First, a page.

A while ago I wrote “Collective Impact: Resistance is Futile,” detailing the frustrations of CI and comparing it to The Borg on Star Trek. “Controlled by a hive mind that neutralizes any sort of individualism, and comprising billions of annexed individuals, [The Borg is] strong and terrifying, like an army of zombie robots, each with one eye that has a laser beam.” That was my first impression of Collective Impact, at least the way it’s being playing out in Seattle.
Years later, Collective Impact continues to spread, with mixed results and reactions. I talked to a funder on the East Coast last week, and she said her state is getting sick of the constant mention of Collective Impact. Meanwhile, in a Seattle, a colleague of mine said, “Collective Impact is like The Governor in The Walking Dead—seems nice, until you’re locked in a room with it.”
Talking to other nonprofit leaders, I’ve started noticing some patterns. There is definitely a sense of frustration of how CI has been manifesting in Seattle, and among leaders of color, that sense of frustration is even more palpable. We need to have an open discussion about how Collective Impact has been affecting diverse communities, and work toward some concrete actions that would make it more effective.
But before we get into the discussion, a couple of disclaimers. First, I am not against Collective Impact. I think it has done a lot of good, with Strive Together and Harlem Children’s Zone being two examples. And heck, I am involved with efforts that would arguably be labeled as Collective Impact: Rainier Valley Corps (RVC), which is developing nonprofit leaders of color and organizations led by communities of color with the ultimate goal of getting diverse communities to work together to effect change; and the Southeast Seattle Education Coalition (SESEC), a communities-of-color-led coalition rallying people together to help school and kids succeed in the most diverse quadrant of Seattle. (Also, to a lesser degree, ED Happy Hour, a backbone organization encouraging EDs to get together monthly to engage in mutually-reinforcing therapy involving alcohol).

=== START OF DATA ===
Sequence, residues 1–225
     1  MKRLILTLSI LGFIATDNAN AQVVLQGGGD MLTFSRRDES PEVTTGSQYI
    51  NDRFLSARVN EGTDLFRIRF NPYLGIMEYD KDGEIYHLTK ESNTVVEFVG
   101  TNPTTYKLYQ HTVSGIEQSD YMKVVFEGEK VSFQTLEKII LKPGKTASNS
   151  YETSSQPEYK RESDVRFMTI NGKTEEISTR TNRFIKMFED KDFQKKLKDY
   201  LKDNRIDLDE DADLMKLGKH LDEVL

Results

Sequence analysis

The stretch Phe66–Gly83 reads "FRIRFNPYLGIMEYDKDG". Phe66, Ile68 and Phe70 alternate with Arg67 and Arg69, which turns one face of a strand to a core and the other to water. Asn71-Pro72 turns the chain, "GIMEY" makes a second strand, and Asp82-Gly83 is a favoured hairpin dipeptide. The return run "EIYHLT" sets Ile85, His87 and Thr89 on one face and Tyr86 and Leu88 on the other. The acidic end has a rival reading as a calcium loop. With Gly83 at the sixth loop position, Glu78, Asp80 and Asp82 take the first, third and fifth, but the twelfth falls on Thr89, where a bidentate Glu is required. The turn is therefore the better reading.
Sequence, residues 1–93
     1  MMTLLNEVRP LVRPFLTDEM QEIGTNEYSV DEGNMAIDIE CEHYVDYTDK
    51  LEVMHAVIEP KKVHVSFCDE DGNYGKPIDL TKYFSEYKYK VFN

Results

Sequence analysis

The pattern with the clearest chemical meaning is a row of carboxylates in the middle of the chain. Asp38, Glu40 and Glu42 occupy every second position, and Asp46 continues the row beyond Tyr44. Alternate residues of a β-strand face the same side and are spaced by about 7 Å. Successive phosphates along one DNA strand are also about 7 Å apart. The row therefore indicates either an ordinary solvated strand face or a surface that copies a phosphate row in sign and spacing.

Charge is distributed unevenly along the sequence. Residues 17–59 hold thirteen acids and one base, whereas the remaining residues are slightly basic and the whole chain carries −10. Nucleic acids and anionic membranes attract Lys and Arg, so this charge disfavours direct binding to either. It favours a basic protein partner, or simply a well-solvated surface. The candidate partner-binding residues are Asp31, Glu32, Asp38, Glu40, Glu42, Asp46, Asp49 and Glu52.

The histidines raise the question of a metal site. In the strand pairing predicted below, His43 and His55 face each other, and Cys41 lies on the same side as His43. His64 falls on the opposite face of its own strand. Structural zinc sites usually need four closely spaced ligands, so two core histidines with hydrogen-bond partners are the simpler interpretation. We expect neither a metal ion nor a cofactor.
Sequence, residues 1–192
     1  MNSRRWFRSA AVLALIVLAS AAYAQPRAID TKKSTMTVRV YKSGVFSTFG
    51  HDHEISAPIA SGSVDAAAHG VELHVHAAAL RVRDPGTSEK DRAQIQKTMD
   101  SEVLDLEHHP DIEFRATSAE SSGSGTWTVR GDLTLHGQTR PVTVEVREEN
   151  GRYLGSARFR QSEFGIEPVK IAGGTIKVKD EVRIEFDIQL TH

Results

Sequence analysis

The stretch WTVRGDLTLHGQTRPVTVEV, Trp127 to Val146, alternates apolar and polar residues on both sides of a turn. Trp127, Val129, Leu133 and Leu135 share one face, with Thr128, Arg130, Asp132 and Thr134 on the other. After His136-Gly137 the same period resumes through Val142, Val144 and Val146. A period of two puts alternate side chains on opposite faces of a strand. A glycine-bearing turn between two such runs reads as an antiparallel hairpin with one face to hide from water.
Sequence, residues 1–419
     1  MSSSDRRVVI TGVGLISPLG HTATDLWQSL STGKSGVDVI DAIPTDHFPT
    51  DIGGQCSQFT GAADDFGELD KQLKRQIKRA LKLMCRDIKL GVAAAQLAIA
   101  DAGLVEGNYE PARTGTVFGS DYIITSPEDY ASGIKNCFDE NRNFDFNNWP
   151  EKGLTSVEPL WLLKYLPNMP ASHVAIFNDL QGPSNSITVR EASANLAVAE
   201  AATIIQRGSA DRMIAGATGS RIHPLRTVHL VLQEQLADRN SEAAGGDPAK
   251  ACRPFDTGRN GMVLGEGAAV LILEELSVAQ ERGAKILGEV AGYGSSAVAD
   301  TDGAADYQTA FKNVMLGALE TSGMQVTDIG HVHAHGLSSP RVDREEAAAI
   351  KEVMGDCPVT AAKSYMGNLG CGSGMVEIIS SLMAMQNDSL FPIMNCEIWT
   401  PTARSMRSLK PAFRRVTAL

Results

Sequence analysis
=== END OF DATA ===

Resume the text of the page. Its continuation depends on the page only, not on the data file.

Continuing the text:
Second, I am only speaking from my experience in Washington State, and from what I learn by talking to people in other cities (shout out to my new friends in Oshkosh Wisconsin, yeah!). And I don’t claim to speak for all communities of color or leaders of color. Depending on where your city is in the evolution of Collective Impact, this post may be somewhat or not at all relevant. For those who are just starting to be involved with Collective Impact, this may serve as a good map of pitfalls to avoid. For everyone else, I hope it’s a starting point for a hearty discussion.
Third, I am hungry, yet I am too lazy to cook something, and I’m all out of soy ice cream, which means that the tone of this post may be harsher than normal. And there will likely be food analogies.
So, back to why the leaders of color I’ve talked to are so frustrated by Collective Impact. Like The Governor on The Walking Dead, Collective Impact seems really nice and reassuring, and also ruggedly handsome (damn you, David Morrissey, you sexy son of a gun). But after several years trying to work with various CI efforts, it’s clear there are a lot of challenges, ranging from irritating to terrifying and destructive:
It is another example of Columbusing: This is a term I just learned about. It refers to Columbus “discovering” America, a land that was already there. “Collective Impact” has been annoying a lot of marginalized communities because it is yet another example of the mainstream community “discovering” something that has been around for a long time, slapping some academic labels and concepts on it, positioning it as new, and then getting all the attention and resources. Long before CI came out as a formal concept, diverse communities were already working together, sharing information, creating coordinating mechanisms. We have been doing Collective Impact way before it was called that, and we continue to. But like other things that have been Columbused—coconut water, for example—we’re just not yet as good at marketing, or we don’t have the trust and connections to elevate these ideas and get them funded.
It perpetuates Trickle-Down Community Engagement: I wrote earlier about TDCE, which is where “we bypass the people who are most affected by issues, engage and fund larger organizations to tackle these issues, and hope that miraculously the people most affected will help out in the effort, usually for free.” Without meaning to, CI backbone organizations have become some of the biggest perpetrators of this terrible and destructive practice. Some backbone organizations’ gravity is so strong that it sucks in all the funding in the region, spewing out tiny amounts back to the organizations and communities most affected by the challenges the CI efforts are trying to address. Grassroots organizations that used to be able to solicit significant funding directly from foundations, at least in Seattle, are blatantly told to apply for tiny grants from whatever juggernaut CI effort is ruling the landscape.